The study, which was funded by NIH’s National Heart, Lung, and Blood Institute, made headlines around the world. Given the strength of the results, its authors and the NIH believed it would encourage physicians to try diuretics first. Yet after eight years, the ALLHAT report has hardly made a dent in prescribing rates for name-brand blood pressure medications, according to Curt Furberg, a professor of public health sciences at Wake Forest University.

USC’s Hoffman says the scenario repeats itself time and again. “Some expensive new drug becomes a blockbuster best seller following extensive marketing, even though the best one might be able to say about it is that it seems statistically ‘non-inferior’ to an older, cheaper drug. At the same time, we don’t have any idea about its long-term side effects.”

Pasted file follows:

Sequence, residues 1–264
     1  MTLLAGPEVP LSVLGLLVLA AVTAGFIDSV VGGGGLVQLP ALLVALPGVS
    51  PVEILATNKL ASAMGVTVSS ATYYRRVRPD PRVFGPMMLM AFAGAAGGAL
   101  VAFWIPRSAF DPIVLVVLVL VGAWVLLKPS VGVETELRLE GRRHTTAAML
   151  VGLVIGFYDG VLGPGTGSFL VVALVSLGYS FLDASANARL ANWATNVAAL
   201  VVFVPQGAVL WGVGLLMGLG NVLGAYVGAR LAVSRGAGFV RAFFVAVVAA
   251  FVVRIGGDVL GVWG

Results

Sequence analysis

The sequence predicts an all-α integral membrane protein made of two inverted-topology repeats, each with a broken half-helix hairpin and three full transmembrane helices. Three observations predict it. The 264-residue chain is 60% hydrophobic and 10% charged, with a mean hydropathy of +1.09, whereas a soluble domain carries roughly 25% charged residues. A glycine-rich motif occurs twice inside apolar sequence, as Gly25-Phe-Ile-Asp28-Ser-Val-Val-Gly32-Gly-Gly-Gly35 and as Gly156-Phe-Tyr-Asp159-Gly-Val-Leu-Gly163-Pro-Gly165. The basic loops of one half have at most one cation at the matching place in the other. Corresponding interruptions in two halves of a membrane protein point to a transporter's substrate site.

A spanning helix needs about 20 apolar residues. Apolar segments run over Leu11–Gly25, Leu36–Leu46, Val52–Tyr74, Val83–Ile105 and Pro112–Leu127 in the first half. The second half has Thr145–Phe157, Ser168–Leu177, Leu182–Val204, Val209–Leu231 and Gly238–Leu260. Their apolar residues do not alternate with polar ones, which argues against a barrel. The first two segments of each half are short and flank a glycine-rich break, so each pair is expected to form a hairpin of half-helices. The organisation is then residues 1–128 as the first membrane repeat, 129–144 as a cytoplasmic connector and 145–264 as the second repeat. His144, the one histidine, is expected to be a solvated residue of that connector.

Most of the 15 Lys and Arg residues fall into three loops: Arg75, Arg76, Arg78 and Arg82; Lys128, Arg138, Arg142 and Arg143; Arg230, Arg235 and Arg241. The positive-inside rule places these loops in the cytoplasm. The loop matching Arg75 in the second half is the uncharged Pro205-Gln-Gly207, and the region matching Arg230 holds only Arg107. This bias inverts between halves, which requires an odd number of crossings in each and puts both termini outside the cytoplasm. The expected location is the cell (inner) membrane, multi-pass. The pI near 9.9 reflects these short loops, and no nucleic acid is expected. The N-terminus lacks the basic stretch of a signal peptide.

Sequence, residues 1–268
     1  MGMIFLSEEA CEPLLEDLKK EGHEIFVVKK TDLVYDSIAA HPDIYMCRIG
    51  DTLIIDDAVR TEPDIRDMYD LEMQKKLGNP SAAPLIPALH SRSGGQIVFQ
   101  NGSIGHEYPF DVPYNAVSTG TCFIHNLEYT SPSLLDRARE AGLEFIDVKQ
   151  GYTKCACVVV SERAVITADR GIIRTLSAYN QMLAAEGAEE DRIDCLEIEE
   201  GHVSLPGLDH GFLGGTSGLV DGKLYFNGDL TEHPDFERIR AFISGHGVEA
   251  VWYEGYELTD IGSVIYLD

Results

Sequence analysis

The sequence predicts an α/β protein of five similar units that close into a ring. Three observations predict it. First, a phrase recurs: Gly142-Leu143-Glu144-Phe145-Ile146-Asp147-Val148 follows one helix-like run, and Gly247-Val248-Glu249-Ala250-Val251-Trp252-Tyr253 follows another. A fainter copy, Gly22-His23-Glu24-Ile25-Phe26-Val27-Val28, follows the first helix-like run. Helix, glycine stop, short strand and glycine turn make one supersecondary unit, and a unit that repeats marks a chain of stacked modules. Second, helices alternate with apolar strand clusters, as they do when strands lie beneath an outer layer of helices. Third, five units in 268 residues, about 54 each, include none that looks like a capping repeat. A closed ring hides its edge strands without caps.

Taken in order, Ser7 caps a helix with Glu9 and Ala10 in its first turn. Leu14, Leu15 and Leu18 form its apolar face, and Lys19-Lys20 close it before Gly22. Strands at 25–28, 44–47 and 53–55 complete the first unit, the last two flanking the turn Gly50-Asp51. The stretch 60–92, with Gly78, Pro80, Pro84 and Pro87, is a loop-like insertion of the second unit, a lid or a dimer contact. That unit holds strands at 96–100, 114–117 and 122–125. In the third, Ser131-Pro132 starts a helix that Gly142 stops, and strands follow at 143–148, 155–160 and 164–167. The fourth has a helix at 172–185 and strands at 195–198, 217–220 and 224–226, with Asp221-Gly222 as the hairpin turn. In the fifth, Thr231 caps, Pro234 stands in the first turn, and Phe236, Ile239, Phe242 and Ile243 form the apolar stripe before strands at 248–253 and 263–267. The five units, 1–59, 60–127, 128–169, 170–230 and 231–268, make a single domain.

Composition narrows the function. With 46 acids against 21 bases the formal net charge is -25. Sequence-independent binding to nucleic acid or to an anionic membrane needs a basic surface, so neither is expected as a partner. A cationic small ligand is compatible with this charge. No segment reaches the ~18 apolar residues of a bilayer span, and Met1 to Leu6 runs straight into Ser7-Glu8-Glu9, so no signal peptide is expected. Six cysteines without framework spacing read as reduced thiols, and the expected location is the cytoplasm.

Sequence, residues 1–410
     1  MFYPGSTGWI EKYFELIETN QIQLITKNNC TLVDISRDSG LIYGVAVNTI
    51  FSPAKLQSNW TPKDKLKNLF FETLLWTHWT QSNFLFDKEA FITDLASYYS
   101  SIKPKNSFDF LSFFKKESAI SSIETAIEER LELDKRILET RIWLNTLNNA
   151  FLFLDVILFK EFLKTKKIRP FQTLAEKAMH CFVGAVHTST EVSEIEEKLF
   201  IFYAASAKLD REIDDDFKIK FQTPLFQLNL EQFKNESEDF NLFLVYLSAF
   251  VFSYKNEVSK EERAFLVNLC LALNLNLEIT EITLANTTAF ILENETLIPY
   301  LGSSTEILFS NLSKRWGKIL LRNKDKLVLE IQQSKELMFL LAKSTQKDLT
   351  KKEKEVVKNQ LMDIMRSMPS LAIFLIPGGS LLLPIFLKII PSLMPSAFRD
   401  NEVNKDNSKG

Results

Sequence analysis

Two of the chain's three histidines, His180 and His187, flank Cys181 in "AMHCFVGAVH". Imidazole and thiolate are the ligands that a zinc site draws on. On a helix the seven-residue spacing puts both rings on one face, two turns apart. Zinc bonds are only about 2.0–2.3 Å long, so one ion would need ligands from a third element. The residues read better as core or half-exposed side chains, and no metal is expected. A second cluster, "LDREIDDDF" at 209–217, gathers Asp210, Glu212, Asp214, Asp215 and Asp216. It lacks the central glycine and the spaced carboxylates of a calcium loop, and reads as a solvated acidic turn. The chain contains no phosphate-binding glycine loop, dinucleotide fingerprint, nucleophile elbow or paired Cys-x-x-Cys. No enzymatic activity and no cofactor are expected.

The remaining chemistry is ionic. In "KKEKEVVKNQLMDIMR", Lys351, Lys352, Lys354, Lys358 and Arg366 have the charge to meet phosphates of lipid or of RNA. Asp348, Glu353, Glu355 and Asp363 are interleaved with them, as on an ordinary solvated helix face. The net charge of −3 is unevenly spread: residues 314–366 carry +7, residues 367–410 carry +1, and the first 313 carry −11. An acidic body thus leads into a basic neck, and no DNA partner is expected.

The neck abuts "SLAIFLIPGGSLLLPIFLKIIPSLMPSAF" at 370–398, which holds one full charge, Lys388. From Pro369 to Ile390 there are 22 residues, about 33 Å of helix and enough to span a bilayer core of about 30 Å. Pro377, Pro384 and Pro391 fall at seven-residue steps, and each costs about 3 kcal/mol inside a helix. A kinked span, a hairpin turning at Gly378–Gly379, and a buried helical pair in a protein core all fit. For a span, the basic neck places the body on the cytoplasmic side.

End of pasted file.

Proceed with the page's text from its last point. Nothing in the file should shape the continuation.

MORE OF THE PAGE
After the publication of some ALLHAT results, Pfizer—one of the manufacturers of newer and more expensive antihypertensive drugs—commissioned a research company to survey doctors about their awareness of the results. When the company learned that doctors were generally in the dark about the study, Pfizer helped make sure they stayed that way. Two Pfizer employees were praised as “quite brilliant” for “sending their key physicians to sightsee” during Furberg’s ALLHAT presentation at the annual American College of Cardiology conference in California in 2000, according to e-mails entered into the public record after a citizen’s petition to the FDA. Pfizer sales reps were instructed to provide a copy of the study to doctors only if specifically asked. “The data from a publicly funded study may be good, but you don’t have anyone out there pushing that study data, versus thousands of people doing it for the drug companies,” says Kevin Brode, a former vice president at marketRx, a firm that provides strategic marketing information to the pharmaceutical industry.